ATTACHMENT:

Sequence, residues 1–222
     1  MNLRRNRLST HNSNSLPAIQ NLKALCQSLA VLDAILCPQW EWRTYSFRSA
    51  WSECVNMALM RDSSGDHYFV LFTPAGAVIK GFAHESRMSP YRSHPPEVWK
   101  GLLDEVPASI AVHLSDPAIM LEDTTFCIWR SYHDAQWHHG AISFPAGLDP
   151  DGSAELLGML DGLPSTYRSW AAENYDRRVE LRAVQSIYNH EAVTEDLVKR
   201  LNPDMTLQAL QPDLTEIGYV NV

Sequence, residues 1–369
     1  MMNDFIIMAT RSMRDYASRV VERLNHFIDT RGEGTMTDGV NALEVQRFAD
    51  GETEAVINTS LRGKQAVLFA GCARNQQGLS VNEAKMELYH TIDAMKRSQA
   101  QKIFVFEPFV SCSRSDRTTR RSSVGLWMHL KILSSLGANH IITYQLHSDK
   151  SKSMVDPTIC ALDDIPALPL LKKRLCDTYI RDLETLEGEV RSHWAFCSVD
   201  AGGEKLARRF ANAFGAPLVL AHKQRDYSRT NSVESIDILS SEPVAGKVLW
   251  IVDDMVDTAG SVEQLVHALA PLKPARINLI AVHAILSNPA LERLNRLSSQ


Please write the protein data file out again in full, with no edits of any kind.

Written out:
Sequence, residues 1–222
     1  MNLRRNRLST HNSNSLPAIQ NLKALCQSLA VLDAILCPQW EWRTYSFRSA
    51  WSECVNMALM RDSSGDHYFV LFTPAGAVIK GFAHESRMSP YRSHPPEVWK
   101  GLLDEVPASI AVHLSDPAIM LEDTTFCIWR SYHDAQWHHG AISFPAGLDP
   151  DGSAELLGML DGLPSTYRSW AAENYDRRVE LRAVQSIYNH EAVTEDLVKR
   201  LNPDMTLQAL QPDLTEIGYV NV

Sequence, residues 1–369
     1  MMNDFIIMAT RSMRDYASRV VERLNHFIDT RGEGTMTDGV NALEVQRFAD
    51  GETEAVINTS LRGKQAVLFA GCARNQQGLS VNEAKMELYH TIDAMKRSQA
   101  QKIFVFEPFV SCSRSDRTTR RSSVGLWMHL KILSSLGANH IITYQLHSDK
   151  SKSMVDPTIC ALDDIPALPL LKKRLCDTYI RDLETLEGEV RSHWAFCSVD
   201  AGGEKLARRF ANAFGAPLVL AHKQRDYSRT NSVESIDILS SEPVAGKVLW
   251  IVDDMVDTAG SVEQLVHALA PLKPARINLI AVHAILSNPA LERLNRLSSQ